Voting Out the Electoral College
August 2, 2011
By Katy Grimes
Creating over-reaching solutions for non-existent problems is what California legislators are good at. A textbook example of this is a bill awaiting Gov. Jerry Brown’s signature which would change the state’s Electoral College process.
NPV has been pushing states since 2000 to replace the Electoral College system. That was the year of the controversial victory of George W. Bush over Al Gore. Gore won the popular vote nationally. But he lost the vote in the electoral college because, after a recount in Florida, Bush won that state’s electoral votes — and more electoral votes nationally.
NPV awards a state’s electoral votes to the national winner of the popular vote, regardless of which candidate won in that state. Thus, John Doe might lose in California by 1 million votes. But if he won nationally by 1,000 votes, under NPV he would get California’s 55 electoral votes anyway in the Electoral College.
Supporters of AB 459 insist that the change would require candidates to actually campaign in all states, not just in swing states. California especially would be affected because Democrats have won landslides in recent elections here; President Obama won in 2008 by more than 3 million votes. That means candidates of both parties don’t waste time campaigning here except to troll for contributors’ cash.
Junking the Electoral College
Opponents say the real goal is to eventually eliminate the Electoral College altogether. Once Americans are used to thinking of the election more as a vast popular vote, then the National Popular Vote Compact itself would be displaced in favor a constitutional amendment junking the Electoral College entirely in favor of a pure popular vote.
Under NPV, presidential candidates would look only at the large population areas in the country for votes: New York, Los Angeles, Dallas, Chicago and San Francisco. Rural states, such as Wyoming and North Dakota, would be ignored. The federalist nature of the country, which consists of “free and independent states,” would be fatally compromised.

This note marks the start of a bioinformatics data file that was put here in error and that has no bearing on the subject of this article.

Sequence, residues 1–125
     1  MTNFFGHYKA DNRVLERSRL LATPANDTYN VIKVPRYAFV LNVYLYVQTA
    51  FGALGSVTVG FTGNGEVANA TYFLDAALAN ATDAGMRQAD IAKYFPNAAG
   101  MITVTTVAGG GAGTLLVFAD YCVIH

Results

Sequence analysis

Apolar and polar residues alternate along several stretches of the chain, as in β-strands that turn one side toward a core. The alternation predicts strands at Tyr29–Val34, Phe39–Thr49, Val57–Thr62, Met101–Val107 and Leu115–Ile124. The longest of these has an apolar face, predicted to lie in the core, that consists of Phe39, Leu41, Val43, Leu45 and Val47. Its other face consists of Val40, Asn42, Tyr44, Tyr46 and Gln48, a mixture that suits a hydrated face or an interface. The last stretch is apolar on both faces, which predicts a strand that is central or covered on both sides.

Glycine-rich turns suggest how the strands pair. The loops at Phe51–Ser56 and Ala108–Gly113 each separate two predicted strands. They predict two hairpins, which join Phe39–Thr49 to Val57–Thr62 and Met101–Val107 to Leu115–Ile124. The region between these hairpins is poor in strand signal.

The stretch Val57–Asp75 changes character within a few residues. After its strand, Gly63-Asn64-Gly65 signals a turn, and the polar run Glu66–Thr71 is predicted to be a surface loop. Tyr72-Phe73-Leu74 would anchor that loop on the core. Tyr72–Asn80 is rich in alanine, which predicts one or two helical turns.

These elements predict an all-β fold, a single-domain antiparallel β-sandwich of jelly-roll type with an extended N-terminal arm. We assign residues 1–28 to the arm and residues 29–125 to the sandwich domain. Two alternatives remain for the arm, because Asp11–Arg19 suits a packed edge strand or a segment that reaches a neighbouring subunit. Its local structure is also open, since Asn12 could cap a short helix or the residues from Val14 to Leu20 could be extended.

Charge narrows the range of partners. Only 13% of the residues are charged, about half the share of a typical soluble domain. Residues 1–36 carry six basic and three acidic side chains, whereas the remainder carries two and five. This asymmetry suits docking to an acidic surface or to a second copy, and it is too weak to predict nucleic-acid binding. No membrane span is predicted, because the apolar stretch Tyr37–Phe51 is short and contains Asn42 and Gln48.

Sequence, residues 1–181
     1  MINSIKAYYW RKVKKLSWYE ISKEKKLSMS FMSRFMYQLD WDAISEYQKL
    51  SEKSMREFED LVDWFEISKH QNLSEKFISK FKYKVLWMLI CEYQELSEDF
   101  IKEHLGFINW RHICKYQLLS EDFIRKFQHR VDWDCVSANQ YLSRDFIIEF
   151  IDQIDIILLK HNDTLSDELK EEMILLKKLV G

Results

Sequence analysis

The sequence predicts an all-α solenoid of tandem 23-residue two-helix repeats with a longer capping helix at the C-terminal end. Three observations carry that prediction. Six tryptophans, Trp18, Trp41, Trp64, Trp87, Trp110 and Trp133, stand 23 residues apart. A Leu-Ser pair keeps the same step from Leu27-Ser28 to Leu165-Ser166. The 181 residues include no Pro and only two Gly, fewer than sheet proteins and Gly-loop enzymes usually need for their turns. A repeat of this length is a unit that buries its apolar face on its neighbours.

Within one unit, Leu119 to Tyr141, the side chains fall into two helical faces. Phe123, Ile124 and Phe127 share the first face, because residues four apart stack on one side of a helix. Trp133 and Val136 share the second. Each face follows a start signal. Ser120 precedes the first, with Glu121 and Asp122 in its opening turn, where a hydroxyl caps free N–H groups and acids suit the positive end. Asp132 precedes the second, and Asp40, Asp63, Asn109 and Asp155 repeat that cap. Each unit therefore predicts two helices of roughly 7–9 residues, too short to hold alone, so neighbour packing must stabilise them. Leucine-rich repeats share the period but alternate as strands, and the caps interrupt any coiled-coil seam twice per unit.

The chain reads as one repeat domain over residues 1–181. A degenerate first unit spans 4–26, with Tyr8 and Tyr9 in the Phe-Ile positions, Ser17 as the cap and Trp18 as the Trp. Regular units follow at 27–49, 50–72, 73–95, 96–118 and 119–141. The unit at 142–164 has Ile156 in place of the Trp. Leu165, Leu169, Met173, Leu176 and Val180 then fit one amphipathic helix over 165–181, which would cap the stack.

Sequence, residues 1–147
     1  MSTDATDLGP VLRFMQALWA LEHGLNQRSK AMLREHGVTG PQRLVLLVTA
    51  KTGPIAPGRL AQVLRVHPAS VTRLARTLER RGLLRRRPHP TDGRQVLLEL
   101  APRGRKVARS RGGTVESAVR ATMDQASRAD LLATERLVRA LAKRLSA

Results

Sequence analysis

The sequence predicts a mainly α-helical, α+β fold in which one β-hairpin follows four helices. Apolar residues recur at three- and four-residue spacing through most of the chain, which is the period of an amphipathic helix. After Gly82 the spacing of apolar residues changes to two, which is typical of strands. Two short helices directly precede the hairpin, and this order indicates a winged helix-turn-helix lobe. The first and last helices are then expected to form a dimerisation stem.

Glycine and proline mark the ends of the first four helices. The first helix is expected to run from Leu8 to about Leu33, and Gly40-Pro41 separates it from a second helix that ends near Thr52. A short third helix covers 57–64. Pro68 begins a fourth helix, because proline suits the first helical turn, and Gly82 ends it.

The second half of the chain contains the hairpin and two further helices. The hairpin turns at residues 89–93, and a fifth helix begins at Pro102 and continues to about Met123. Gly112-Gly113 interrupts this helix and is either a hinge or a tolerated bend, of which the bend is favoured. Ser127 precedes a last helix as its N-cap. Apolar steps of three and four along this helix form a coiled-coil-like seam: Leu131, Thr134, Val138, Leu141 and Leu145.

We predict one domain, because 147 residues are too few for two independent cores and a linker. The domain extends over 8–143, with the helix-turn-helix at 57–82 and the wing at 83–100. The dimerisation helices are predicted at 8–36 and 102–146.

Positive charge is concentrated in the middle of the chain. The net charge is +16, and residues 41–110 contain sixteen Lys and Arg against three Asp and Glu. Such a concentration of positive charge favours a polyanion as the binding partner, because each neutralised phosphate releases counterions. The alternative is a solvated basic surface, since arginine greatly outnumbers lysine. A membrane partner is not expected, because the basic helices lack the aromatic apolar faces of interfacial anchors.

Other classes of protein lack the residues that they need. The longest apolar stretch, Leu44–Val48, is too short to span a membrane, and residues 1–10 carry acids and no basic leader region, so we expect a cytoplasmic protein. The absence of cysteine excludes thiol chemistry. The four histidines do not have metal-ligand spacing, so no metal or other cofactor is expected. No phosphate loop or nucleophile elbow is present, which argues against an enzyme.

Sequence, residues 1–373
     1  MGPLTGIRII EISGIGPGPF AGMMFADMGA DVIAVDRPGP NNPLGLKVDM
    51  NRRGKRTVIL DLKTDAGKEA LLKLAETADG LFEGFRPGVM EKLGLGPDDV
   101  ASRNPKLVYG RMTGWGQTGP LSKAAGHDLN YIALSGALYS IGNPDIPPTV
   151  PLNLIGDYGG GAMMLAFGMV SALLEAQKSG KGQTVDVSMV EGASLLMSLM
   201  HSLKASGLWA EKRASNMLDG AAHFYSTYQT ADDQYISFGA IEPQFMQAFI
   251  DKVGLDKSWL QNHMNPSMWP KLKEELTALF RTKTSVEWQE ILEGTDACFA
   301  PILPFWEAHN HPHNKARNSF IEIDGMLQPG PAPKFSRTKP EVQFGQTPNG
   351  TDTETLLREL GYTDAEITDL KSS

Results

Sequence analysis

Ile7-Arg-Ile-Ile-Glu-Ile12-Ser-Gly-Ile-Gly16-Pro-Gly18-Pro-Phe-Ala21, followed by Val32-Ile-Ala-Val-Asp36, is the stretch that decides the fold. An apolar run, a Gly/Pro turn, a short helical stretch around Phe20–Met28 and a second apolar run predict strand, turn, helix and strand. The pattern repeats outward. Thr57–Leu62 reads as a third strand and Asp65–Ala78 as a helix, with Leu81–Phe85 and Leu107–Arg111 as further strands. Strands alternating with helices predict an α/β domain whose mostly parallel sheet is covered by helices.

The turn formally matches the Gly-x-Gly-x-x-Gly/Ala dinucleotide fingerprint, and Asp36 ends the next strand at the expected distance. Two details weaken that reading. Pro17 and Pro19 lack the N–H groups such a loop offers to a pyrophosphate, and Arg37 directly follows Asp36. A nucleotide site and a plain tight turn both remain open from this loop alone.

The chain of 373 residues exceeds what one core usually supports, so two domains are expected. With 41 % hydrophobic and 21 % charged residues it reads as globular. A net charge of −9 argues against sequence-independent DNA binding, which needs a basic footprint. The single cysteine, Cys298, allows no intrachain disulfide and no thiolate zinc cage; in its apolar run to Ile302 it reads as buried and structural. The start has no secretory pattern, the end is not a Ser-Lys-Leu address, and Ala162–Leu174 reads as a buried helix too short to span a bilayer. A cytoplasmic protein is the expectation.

The U.S. Constitution was written to allow states to have the authority to decide how their electors are selected. Most states use a “winner-take-all” system, where the presidential candidate who wins the majority of the popular vote in the state gets all of its electors.
The 538 members of the Electoral College elect the president. Each state gets one “elector” for every representative it has in Congress. California has 55 electors — the most of any state.
The National Popular Vote bill in California was originally touted to be a bipartisan effort authored by Republican Assemblyman Brian Nestande of Palm Desert and Democratic Assemblyman Jerry Hill of San Mateo. Several Republicans had signed on to the cause. AB 459 was amended several times, adding Democratic legislators as supporters. Eventually the names of Nestande and other Republicans who had signed on were removed.
The bill commits California to a compact in which the state would have to agree to give its Electoral College votes to the presidential candidate who wins the most popular votes nationally. According to the bill’s author, this is because, “California is ignored in the general elections of Presidential campaigns. Candidates do not visit our state, they do not advertise here, poll here, conduct field operations, send mail, or engage in any of the other normal campaign activities. The one exception is that they do fundraise in California ($150 million collected in 2008). However, once the money is collected, it is spent almost completely outside our borders.”